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“Few are those who see with their own eyes and feel with their own hearts”
Albert Einstein

In a world with so many things to be inquisitive about, the hardest task is often the easiest — knowing ourselves. But such simplicity is deemed as pretty unnecessary, or rather, present by default. We’d rather show the world our selfies with botched faces covered up by the best of artistry and makeup. Albeit the world be swayed, we would be expected to understand the serenity of the truth concerning ourselves. What becomes baffling is the state of euphoria we want to remain in. Of course we have good qualities, but the world (and ourselves) is not as perfect as we tend to paint the picture. And it’s from a simple neglect: to listen to ourselves.

Lessons Learnt from the Insane
The first thing that comes to our minds when we see a person soliloquizing is the question of whether such a person is sane. Funnily enough, we should be asking ourselves such a question. We are often strangers to ourselves, with the least of seconds devoted to self-talk. Sadly, it’s become a norm to neglect oneself, hence soliloquy becomes a strange art for the psychos.

But it’s one thing to do self-talk. It’s another thing to engage in a monologue or dialogue.

Chatters and Shatters
Before you label me as mentally perverted, please understand: it is possible to dialogue with oneself. It is also possible to have a monologue. How? Are we not sometimes guilty of self-appraisal and fanning the flames of our pompous egos? This is the monologue! The moment our self-talk is one-directional and tending towards our passions only, there is a problem. Often, there are two sides: passion and reason, they make it a habit to get in each other’s way. A non-tumultous self-talk is often a monologue.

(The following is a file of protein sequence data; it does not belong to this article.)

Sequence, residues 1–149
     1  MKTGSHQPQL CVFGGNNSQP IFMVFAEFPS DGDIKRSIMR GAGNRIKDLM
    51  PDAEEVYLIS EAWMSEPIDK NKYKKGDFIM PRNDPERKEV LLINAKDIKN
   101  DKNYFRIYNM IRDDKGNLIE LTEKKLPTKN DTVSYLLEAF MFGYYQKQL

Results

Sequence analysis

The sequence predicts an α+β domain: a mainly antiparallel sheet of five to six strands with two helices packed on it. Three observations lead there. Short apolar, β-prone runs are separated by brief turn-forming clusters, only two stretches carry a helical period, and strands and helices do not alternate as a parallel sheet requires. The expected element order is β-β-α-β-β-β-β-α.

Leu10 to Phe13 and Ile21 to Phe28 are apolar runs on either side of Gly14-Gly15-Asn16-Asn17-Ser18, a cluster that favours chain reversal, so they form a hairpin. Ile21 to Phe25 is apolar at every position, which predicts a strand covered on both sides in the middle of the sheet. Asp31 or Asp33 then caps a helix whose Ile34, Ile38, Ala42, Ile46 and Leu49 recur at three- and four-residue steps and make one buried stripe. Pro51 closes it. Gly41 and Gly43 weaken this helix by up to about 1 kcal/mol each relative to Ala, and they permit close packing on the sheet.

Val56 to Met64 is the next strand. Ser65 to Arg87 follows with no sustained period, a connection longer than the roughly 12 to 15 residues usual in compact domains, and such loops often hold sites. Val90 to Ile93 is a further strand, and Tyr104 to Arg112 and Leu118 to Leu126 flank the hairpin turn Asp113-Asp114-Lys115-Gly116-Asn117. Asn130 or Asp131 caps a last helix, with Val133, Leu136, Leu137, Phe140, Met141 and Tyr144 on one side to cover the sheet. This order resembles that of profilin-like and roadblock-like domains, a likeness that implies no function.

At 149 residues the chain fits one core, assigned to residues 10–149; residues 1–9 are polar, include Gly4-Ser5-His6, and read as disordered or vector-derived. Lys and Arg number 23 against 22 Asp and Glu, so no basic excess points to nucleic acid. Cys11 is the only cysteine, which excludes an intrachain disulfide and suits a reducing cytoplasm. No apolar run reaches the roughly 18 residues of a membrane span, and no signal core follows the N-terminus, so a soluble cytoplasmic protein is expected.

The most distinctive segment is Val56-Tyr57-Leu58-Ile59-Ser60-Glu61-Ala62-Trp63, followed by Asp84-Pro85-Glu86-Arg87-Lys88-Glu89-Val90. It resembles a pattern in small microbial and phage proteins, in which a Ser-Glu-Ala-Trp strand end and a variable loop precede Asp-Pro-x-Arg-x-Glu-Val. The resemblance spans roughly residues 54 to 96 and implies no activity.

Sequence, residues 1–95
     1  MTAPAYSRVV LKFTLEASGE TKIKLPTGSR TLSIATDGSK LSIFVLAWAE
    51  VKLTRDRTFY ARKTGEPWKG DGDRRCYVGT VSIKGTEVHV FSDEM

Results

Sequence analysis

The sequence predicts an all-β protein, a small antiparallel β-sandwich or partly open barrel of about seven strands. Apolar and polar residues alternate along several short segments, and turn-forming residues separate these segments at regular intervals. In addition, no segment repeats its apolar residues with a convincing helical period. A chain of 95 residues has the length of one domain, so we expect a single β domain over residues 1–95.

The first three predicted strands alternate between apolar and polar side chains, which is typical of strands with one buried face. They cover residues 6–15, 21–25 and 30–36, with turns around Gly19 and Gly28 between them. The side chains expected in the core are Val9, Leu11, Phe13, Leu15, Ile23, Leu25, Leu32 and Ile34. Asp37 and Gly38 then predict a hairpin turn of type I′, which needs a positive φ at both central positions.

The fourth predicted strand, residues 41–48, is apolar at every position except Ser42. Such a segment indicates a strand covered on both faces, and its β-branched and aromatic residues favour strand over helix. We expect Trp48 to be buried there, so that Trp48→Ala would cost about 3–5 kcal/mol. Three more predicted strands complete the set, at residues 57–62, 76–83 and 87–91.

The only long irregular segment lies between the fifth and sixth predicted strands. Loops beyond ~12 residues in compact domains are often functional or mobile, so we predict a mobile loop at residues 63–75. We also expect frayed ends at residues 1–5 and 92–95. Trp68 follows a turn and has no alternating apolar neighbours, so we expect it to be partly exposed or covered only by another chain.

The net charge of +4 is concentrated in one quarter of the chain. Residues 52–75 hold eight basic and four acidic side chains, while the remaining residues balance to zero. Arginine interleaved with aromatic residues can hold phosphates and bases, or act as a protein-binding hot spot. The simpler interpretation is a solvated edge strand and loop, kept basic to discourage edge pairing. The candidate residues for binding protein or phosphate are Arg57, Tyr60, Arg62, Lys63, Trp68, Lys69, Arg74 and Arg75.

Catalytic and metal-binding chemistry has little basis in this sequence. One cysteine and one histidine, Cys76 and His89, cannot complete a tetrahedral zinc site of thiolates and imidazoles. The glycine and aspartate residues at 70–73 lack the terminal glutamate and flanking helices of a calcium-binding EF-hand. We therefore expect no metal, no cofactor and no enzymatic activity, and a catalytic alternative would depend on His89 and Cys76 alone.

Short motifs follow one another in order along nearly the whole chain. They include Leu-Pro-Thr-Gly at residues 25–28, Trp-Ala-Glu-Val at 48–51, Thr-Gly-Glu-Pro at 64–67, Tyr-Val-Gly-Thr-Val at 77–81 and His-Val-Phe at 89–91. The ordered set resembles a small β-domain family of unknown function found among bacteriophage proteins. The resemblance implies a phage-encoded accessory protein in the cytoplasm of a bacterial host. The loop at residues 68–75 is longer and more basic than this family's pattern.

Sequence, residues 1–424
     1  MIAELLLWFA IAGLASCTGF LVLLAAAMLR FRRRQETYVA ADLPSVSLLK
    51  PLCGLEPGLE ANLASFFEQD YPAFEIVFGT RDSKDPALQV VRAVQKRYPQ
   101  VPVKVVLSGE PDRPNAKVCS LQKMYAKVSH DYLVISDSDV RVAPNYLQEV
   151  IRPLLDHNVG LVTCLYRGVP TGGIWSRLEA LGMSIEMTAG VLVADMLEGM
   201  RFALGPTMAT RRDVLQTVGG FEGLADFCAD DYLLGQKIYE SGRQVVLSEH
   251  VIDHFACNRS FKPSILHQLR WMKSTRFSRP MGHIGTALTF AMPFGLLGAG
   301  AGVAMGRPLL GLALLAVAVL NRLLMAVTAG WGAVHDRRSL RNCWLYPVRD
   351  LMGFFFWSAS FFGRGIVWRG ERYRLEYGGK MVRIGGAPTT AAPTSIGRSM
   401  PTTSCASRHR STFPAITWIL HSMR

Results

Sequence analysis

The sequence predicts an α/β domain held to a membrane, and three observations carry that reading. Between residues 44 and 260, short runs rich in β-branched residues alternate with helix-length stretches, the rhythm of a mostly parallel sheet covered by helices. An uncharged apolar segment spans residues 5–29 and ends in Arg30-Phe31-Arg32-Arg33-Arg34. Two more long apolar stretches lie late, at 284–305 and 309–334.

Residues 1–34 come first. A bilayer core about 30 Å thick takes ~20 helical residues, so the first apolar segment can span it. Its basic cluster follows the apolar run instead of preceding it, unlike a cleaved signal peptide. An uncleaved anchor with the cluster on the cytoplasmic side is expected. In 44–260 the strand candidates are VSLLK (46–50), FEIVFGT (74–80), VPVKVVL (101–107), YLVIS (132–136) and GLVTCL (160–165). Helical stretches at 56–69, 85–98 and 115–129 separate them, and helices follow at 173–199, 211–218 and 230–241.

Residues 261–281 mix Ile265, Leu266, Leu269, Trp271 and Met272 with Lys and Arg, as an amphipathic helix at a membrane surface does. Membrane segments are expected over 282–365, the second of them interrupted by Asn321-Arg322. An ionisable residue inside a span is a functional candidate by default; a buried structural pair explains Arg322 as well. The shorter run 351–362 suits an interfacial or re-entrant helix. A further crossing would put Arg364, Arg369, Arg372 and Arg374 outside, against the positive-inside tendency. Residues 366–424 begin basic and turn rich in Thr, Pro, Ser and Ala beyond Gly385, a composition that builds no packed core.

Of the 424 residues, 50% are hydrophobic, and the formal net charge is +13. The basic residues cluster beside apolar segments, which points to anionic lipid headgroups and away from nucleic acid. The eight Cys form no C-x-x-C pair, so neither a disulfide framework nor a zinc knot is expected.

Sober Turned Sad
So far, this writing has an air of gloom, doesn’t it? You be the judge! For all we know, why does this self-talk (so-called meditation) have a dolorous atmosphere. Certainly, we all have our good and prospective qualities — we do not only soliloquise to condemn ourselves to death. We have to rejoice in the good, and rebuke the bad. Even in the bad circumstances, there is a chance of redemption, turning-a-new-leaf, or whatever process you’d want to call it. The sober mind is often the happiest. But of what good is knowledge surrounded by idleness?

The Tragedy of Knowing
Ignorance is certainly bliss — till the day of nemesis. Knowledge is certainly distress — till the day of restitution. We can choose what path to follow. In the plain mirror, we see all the wrinkles and specks, and waiting for days or weeks, they will remain until we do something. Ignore them or act on them? Your move!

Luke O. Ogar

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